In 1165 a letter supposedly written by Prester John, describing his country as a land of natural riches, marvels, peace and justice was given to the Byzantine emperor and to the Holy Roman emperor Frederick Barbarossa. It told of a magical kingdom in the East that was in danger of being overrun by infidels and barbarians.

Thus began the quest for the wealth of Prester John.

It was his reputation that helped drive explorers to find the sea route to India. King John II of Portugal specifically instructed the expeditions of his time to discover this fabulous kingdom. The legend endured until the 18th century and died after the Scottish explorer James Bruce had travelled through Ethiopia.
The legend of Prester John profoundly affected the geographical knowledge of Europe by stimulating interest in foreign lands and sparking expeditions outside of Europe, which is what this statue is all about.

Monday, March 10, 2008

Promising start to the week

Well, as is becoming usual, Felicity cat (our bratty but delightful Siamese kitten, who you can meet on our personal blogs) decided it was playtime at 4am, and unceremoniously woke us up. We were therefore up and about by the time the sun put in an appearance, and as it looked pretty spectacular, we leaped in the car and took off down the hill to capture it as it rose over the harbour. Again this is a multi-tasking photo, because here is another in the lamp post series too!

Sunday, March 9, 2008

Saturday, March 8, 2008

"Pirate Ship"

This yacht was abandoned by its owners some years ago, as they decided they were not cut out for the sea, after an arduous journey from Europe. Shortly after arriving in Port Elizabeth they jumped ship and flew back to home. It has been left to "rot" in the harbour and has become a nesting place for seagulls - apparently it will take a lot of work and a miracle to get it habitable again. Local fishermen affectionately refer to it as the "pirate ship".

To the left of the yacht you can see the red brick structure of the Campanile, which was built as a monument to the 1820 Settlers

Friday, March 7, 2008

Russell Road

Early morning walks in the city are fun. There is usually no one about and you have the pavements and streets all to yourself - well almost. This is a view down Russell Road looking towards the Bay.

Thursday, March 6, 2008

St Georges Park #4, lamp posts #2

Well this is where two series collide, because Fenix made the excellent suggestion that we feature more of the lamp posts around here, and as it happens, quite a variety is to be found in the Park.

For some reason, there are a couple of stunted little ones, bad idea as one has been vandalised. Max stood next to the other to show the height.

Wednesday, March 5, 2008

St Georges Park #3

The Prince Alfred's Guard memorial was erected in 1907 to the memory of the Regiments dead in four wars. It was manufactured by MacFarlane's Saracen Foundry in Glasgow, Scotland and is located on top of a water tank that serves Central.

Tuesday, March 4, 2008

St Georges Park #2

The St Georges Cricket Ground taken from the duck pond side.

St Georges Park is very quiet in the early hours of the morning, but is a hive of activity on cricket days. We will be featuring some more of the many attractions of the Park in the next few posts

Monday, March 3, 2008

Public Swimming Bath

Well, it's hard not to look at this and be rendered speechless..... this rather ugly 1930s public swimming baths building is in St George's Park. Someone with a sense of humour obviously decided "if you can't beat them, join them!" and made it stand out like a sore thumb in the otherwise serene leafy park. The effect is enhanced by the spectacular flowers in front of the entrance!

Sunday, March 2, 2008

Autumn leaves

With all the beautiful sunny days we are having, it is hard to believe that autumn is here. The early morning sun rays catching the leaves of a plane tree in Glen Street, Richmond Hill made a striking shot.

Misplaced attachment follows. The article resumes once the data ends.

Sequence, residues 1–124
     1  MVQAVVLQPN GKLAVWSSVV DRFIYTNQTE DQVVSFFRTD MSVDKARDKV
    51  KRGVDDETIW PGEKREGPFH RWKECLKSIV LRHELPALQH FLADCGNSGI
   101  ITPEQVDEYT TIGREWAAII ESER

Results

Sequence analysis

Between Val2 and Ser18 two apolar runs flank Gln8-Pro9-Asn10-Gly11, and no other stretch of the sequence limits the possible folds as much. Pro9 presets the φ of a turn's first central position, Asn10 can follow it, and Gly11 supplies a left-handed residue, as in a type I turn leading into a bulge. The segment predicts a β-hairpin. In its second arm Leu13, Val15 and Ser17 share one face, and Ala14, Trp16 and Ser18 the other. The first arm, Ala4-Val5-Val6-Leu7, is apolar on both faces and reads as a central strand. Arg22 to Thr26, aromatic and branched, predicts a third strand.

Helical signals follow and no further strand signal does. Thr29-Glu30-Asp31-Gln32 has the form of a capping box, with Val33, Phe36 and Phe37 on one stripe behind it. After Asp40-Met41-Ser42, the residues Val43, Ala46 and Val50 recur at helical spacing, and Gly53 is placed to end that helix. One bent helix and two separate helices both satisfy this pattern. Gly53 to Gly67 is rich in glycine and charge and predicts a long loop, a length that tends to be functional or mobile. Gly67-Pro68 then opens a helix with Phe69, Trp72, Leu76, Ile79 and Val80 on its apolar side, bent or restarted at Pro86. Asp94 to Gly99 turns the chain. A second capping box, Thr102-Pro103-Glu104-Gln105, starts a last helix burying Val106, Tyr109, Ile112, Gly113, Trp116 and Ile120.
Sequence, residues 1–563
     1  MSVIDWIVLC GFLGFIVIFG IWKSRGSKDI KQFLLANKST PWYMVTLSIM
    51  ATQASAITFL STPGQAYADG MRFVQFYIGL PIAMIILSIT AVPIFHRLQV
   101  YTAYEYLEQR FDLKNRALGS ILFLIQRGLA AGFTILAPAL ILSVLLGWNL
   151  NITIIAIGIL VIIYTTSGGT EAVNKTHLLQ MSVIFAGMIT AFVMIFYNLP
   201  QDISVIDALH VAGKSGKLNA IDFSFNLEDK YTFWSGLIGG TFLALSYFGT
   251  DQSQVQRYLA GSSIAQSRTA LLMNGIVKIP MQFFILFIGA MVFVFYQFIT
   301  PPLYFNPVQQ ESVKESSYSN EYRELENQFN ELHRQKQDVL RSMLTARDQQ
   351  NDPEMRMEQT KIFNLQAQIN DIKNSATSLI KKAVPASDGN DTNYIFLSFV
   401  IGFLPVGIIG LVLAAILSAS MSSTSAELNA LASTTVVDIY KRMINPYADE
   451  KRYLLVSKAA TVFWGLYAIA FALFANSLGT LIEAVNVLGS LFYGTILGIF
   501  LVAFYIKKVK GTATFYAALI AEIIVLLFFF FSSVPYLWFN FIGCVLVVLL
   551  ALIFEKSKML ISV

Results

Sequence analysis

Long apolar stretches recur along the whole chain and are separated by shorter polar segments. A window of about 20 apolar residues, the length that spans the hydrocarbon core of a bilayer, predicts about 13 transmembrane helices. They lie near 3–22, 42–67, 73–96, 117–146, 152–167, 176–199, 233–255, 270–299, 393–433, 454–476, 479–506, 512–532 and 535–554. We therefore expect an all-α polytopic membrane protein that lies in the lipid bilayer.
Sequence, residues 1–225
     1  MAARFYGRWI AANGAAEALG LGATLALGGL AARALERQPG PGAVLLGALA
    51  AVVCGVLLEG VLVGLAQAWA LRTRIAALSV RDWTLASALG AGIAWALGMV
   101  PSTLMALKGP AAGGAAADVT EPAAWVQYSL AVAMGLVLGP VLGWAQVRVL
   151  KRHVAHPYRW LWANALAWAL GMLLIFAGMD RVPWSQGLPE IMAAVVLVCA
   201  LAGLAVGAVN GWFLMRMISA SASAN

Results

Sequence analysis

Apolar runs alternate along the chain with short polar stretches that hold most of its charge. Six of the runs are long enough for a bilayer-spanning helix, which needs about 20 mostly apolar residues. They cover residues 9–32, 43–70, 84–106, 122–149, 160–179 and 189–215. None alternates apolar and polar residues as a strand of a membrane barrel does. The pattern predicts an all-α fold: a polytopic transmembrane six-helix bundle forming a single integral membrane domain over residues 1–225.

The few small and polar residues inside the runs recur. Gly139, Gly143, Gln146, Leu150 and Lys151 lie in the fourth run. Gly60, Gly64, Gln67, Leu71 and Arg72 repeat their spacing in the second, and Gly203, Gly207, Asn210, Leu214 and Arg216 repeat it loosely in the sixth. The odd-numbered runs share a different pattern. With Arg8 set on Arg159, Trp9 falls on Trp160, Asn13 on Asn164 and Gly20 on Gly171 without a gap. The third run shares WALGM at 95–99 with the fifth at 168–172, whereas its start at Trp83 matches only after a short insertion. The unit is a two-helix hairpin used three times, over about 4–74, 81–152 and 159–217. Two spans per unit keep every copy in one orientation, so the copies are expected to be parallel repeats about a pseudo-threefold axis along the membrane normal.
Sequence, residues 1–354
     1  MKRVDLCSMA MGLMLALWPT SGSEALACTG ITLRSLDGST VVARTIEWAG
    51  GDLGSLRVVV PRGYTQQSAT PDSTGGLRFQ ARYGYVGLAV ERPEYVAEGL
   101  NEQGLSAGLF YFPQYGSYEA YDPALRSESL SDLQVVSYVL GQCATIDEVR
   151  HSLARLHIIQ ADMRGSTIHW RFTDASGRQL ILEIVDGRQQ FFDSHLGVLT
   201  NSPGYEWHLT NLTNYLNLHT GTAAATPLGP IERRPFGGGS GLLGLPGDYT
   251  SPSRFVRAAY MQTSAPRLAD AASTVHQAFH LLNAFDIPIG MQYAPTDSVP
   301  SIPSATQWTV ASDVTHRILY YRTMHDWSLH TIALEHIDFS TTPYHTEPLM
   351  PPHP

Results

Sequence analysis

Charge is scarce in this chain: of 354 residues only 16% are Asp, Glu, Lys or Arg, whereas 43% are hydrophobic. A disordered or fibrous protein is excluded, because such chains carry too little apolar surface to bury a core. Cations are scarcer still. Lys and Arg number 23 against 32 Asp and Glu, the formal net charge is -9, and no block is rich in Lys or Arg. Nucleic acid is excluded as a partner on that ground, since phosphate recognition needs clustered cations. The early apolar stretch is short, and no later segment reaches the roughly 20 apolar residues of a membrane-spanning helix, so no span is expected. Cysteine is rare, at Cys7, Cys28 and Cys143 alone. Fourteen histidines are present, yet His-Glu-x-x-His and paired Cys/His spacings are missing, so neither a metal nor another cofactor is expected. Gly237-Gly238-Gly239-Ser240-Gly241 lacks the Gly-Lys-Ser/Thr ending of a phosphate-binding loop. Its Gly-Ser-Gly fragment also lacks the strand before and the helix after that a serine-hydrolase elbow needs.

Saturday, March 1, 2008

March 2008 Theme Day: Graffiti or street mural

The retaining wall of the Grand Hotel, on Whites Road, has a delightful mural depicting the Jazz Cafe inside. Sadly, the damp in the wall means it is deteriorating fast, so we are lucky to catch it while we still can. We featured another section of this mural in a previous post.

Many others around the world are participating in this theme, so to see more fascinating street art, do pop in and pay them a visit.

Adelaide, Australia by Gordon, Albuquerque (NM), USA by Helen, Aliso Viejo (CA), USA by Rodney, American Fork (UT), USA by Annie, Anderson (SC), USA by Lessie, Arradon, France by Alice, Ashton under Lyne, UK by Pennine, Athens, Greece by Debbie, Auckland, New Zealand by Lachezar, Austin (TX), USA by LB, Bandung, Indonesia by Guntur Purwanto, Baziège, France by PaB, Belgrade, Serbia by BgdPic, Bellefonte (PA), USA by Barb-n-PA, Bicheno, Australia by Greg, Boston (MA), USA by Cluelessinboston, Boston (MA), USA by Fenix, Boston (MA), USA by Sarah, Whit, & Leyre, Brighton, UK by Harvey, Bucaramanga, Colombia by Fernando, Budapest, Hungary by Isadora, Budapest, Hungary by Zannnie and Zsolt, Buenos Aires, Argentina by Karine, Canterbury, UK by Rose, Cape Town, South Africa by Kerry-Anne, Chandler (AZ), USA by Melindaduff, Chateaubriant, France by Bergson, Cheltenham, UK by Marley, Chicago (IL), USA by U R us, Chicago (IL), USA by b.c., Christchurch, New Zealand by Michelle, Clearwater (FL), USA by Smaridge01, Clearwater Beach (FL), USA by Smaridge01, Cleveland (OH), USA by iBlowfish, Cologne, Germany by April11, Coral Gables (FL), USA by Jnstropic, Detroit (MI), USA by Taittems, Dunedin (FL), USA by Smaridge01, Durban, South Africa by CrazyCow, Evry, France by Olivier, Forks (WA), USA by Corinne, Glasgow, Scotland by Jackie, Greenville (SC), USA by Denton, Grenoble, France by Bleeding Orange, Guelph, Canada by Pat, Helsinki, Finland by Kaa, Hobart, Australia by Greg, Hyde, UK by Gerald, Inverness (IL), USA by Neva, Jackson (MS), USA by Halcyon, Jefferson City (MO), USA by Chinamom2005, Joplin (MO), USA by Victoria, Juneau (AK), USA by Gwyn, Kuala Lumpur, Malaysia by Edwin, Kyoto, Japan by Tadamine, Larchmont (NY), USA by Marie-Noyale, Le Guilvinec, France by ds2944, Lisbon, Portugal by Sailor Girl, Lisbon, Portugal by Jsaltao, Lodz, Poland by ritalounge, London, UK by Ham, London, UK by Mo, Mainz, Germany by JB, Maple Ridge, Canada by Susan, Mazatlan, Mexico by Kate, Melbourne, Australia by Mblamo, Melbourne, Australia by John, Memphis (TN), USA by SouthernHeart, Menton, France by Jilly, Mexico, Mexico by Poly, Mexico City, Mexico by Carraol, Minneapolis (MN), USA by Mitch, Minneapolis (MN), USA by Greg, Monte Carlo, Monaco by Jilly, Montréal, Canada by Douber, Moscow, Russia by Irina, Mumbai, India by Kunalbhatia, Mumbai, India by MumbaiIteanu, Naples (FL), USA by Isabella, Nashville (TN), USA by Chris, Nelson, New Zealand by Meg and Ben, New Orleans (LA), USA by steve buser, Newcastle upon Tyne, UK by Cassie & Chris, Niamey, Niger by Dinabee, Norwich, UK by Goddess888, Nottingham, UK by Gail's Man, Ocean Township (NJ), USA by Josy, Paris, France by Eric, Pasadena (CA), USA by Can8ianben, Pasadena (CA), USA by Petrea, Petaling Jaya, Malaysia by Murphy_jay, Pilisvörösvár, Hungary by Elise, Port Angeles (WA), USA by Jelvistar, Port Elizabeth, South Africa by Sam, Port Vila, Vanuatu by Mblamo, Prague, Czech Republic by Honza03, Quincy (MA), USA by Cluelessinboston, Radonvilliers, France by Deslilas, Riga, Latvia by Prokur, Rome, Italy by Giovanni, Rotterdam, Netherlands by Ineke, Saarbrücken, Germany by LadyDemeter, Saint Louis (MO), USA by Strangetastes, Saint Paul (MN), USA by Kate, Saint-Petersburg, Russian Federation by Lark, San Antonio (TX), USA by Kramer, San Diego (CA), USA by Felicia, San Diego (CA), USA by Zentmrs, Santa Fe (NM), USA by Randem, Seattle (WA), USA by Kim, Seattle (WA), USA by Chuck, Seguin (TX), USA by Thien, Selma (AL), USA by RamblingRound, Sesimbra, Portugal by Aldeia, Setúbal, Portugal by Maria Elisa, Sharon (CT), USA by Jenny, Silver Spring (MD), USA by John, Singapore, Singapore by Keropok, Sofia, Bulgaria by Antonia, St Francis, South Africa by Sam, Stavanger, Norway by Tanty, Stayton (OR), USA by Celine, Stockholm, Sweden by Stromsjo, Subang Jaya, Malaysia by JC, Sydney, Australia by Sally, Székesfehérvár, Hungary by Teomo, Terre Haute (IN), USA by Zann, Terrell (TX), USA by Bstexas, Terrell (TX), USA by Jim K, The Hague, Netherlands by Lezard, Tokyo, Japan by Tadamine, Torun, Poland by Torun Observer, Toulouse, France by Julia, Tuzla, Bosnia and Herzegovina by Jazzy, Twin Cities (MN), USA by Slinger, Vienna, Austria by G_mirage2, Wailea (HI), USA by Kuanyin, Wassenaar, Netherlands by Rich, Wellington, New Zealand by Jeremyb, West Paris (ME), USA by crittoria, West Sacramento (CA), USA by Barbara, Weston (FL), USA by WestonDailyPhoto, Wrocław, Poland by Loompi, Yardley (PA), USA by Mrlynn,